December 15, 2015
I’m excited to announce the release of the ZIG ZAG Creativity Cards!
The card deck has 48 cards, and each one has a different creativity exercise. There are also four cards that describe how to use the cards alone, in groups, and when you’re facilitating a workshop.
The cards are perfect for everyday use. You can do each technique in a few minutes, and use the cards throughout your day. The card deck comes in a hard plastic case so you can take it everywhere (cardboard boxes fall apart pretty fast). It’s time for a new set of creativity techniques that’s practical for everyday use, with exercises that are grounded in the latest creativity research.
The 48 techniques are taken from the book ZIG ZAG: The Surprising Path to Greater Creativity. They’re grouped into the eight stages of the creative process:
- Ask: how to ask the right question
- Learn: prepare your mind
- Look: spot the answers around you
- Play: imagine possible worlds
- Think: how to have great ideas
- Fuse: how to combine ideas
- Choose: make good ideas even better
- Make: make your ideas visible
The 8 stages are based on creativity research (for a summary of the research, see my creativity textbook, Explaining Creativity.) ZIG ZAG is a practical, hands-on application of that research.
Here are two sample cards, with their techniques. If you’d like to see more cards, the card deck web site has a Daily Creativity Card that changes every day.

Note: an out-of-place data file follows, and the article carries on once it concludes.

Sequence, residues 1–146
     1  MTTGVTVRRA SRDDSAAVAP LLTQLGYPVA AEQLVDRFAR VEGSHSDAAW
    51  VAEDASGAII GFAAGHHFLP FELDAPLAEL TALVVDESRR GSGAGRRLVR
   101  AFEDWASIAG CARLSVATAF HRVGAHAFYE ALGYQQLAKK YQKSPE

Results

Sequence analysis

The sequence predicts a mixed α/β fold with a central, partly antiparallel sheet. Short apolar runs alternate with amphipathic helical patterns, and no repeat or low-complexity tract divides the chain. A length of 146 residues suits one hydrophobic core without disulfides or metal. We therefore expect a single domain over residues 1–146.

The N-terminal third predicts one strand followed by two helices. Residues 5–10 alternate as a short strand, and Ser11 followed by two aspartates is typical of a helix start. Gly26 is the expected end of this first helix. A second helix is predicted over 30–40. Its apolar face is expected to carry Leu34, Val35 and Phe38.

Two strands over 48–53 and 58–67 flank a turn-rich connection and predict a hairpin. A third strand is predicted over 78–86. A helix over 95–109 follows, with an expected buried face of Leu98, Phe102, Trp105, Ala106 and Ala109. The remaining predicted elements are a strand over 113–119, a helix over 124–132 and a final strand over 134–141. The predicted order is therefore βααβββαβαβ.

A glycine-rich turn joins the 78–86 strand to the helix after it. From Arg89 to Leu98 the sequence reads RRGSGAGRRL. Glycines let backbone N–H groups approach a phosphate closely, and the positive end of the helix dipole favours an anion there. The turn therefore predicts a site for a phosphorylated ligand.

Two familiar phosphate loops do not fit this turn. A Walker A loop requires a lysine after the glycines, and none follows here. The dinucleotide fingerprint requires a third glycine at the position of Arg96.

ASK is the first step toward greater creativity. Each of the 8 stages has its own color, and has six cards numbered 1 to 6. The six ASK cards help you make sure that you’ve identified the right problem. (This one is number 5.) Often when you’re stumped, and you can’t think of a solution, it turns out you’re asking the wrong question. (Kudos to artist Robert Cori for the illustrations, and to Nyla Smith for the graphic design.)
The third step is LEARN, preparing yourself for creativity by filling your mind with a variety of information. I love to learn a little bit about lots of different things! It doesn’t take long to learn to juggle, or to play the harmonica. In the past year, I’ve been teaching myself how to repair old accordions! (And yes, I’m still a dilettante, you shouldn’t trust me with your accordion.)